The main focus of this paper is the creation of partnerships between learning development academics and curricula, faculty staff and the institution that seek to ensure students achieve at their potential. These partnerships are part of a paradigm shift in learning support that has replaced a remedial philosophy with a developmental philosophy. The paper also focuses on the value of these partnerships to curricula, discipline academics, faculties and the institution as well as to students. It highlights three issues:
- the creation of partnerships to ensure student learning;
- the benefits of these partnerships to learning across an institution;
- the benefits of these partnerships to teaching across an institution.
Evaluation of the model and its partnerships has shown that:
- staff acquire a level of explanatory power about tertiary writing that allows them to rethink curriculum development and teach and assess skills as well as content;
- rich, inclusive curricula are produced that allow students to acquire skills quickly during the course of a semester;
- instruction can be integrated into core curricula across 3 or 4 year degree programs to ensure that degree programs produce quality graduates and that students progressively acquire the skills needed for success in the discipline;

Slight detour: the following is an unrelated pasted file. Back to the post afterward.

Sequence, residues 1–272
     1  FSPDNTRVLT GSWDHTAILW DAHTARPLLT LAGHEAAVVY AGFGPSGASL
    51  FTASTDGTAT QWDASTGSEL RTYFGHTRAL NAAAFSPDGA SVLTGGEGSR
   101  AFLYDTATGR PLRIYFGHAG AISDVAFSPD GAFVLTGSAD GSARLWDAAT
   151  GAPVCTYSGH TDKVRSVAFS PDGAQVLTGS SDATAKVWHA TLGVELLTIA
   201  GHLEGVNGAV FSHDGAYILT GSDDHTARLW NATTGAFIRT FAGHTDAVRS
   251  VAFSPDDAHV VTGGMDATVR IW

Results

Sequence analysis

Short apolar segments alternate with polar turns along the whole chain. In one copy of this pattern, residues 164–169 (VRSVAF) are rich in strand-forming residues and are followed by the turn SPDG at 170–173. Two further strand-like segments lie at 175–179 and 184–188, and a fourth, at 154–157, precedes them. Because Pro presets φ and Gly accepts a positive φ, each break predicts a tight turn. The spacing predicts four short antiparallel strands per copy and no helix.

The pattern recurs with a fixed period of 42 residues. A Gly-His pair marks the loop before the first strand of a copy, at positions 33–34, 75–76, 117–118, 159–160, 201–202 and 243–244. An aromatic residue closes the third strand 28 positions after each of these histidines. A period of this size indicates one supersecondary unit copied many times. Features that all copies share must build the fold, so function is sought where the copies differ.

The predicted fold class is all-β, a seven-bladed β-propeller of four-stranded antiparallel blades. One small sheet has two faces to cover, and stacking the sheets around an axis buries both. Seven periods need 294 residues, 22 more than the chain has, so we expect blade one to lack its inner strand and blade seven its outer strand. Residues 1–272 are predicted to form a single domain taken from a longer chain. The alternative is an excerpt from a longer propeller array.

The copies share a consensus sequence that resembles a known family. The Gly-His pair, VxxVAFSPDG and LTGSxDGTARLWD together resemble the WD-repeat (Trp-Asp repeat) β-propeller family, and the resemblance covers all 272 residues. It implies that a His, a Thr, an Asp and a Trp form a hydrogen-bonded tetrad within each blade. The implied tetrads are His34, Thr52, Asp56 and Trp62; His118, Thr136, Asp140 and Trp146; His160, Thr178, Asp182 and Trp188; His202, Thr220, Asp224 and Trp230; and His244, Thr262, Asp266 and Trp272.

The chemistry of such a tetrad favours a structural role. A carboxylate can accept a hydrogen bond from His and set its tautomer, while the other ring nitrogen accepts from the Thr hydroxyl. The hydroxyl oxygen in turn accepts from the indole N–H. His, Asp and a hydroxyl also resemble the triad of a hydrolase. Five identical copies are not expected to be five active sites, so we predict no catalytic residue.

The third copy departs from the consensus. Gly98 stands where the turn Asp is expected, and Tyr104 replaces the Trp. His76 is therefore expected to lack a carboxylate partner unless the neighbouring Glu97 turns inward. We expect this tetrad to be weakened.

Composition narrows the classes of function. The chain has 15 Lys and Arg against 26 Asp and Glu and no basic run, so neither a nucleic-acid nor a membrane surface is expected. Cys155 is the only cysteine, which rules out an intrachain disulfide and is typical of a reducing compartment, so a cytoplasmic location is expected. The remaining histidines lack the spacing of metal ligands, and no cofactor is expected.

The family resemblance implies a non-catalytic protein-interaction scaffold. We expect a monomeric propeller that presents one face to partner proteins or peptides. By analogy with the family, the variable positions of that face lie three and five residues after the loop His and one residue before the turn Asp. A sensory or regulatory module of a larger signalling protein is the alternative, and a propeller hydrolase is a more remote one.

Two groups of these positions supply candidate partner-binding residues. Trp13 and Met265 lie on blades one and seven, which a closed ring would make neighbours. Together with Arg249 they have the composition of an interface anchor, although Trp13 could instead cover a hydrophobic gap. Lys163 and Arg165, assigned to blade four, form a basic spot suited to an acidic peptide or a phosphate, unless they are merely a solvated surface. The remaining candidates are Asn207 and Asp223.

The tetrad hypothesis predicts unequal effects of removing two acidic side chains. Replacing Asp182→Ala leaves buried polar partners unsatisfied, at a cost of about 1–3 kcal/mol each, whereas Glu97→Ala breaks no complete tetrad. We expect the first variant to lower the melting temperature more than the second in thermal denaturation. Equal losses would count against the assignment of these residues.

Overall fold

- faculties can more easily teach and assess generic and professional skills within such a model;
- greater levels of student development in required skills are achieved than in a regular curriculum;
- significant development in generic and discipline-specific skills is achieved across the whole cohort of students within a subject;
- the institution is provided with an avenue for the development of both teaching and learning.
ANZSRC / FoR Code
130103 Higher Education, 130204 English and Literacy Curriculum and Pedagogy (excl. LOTE, ESL and TESOL)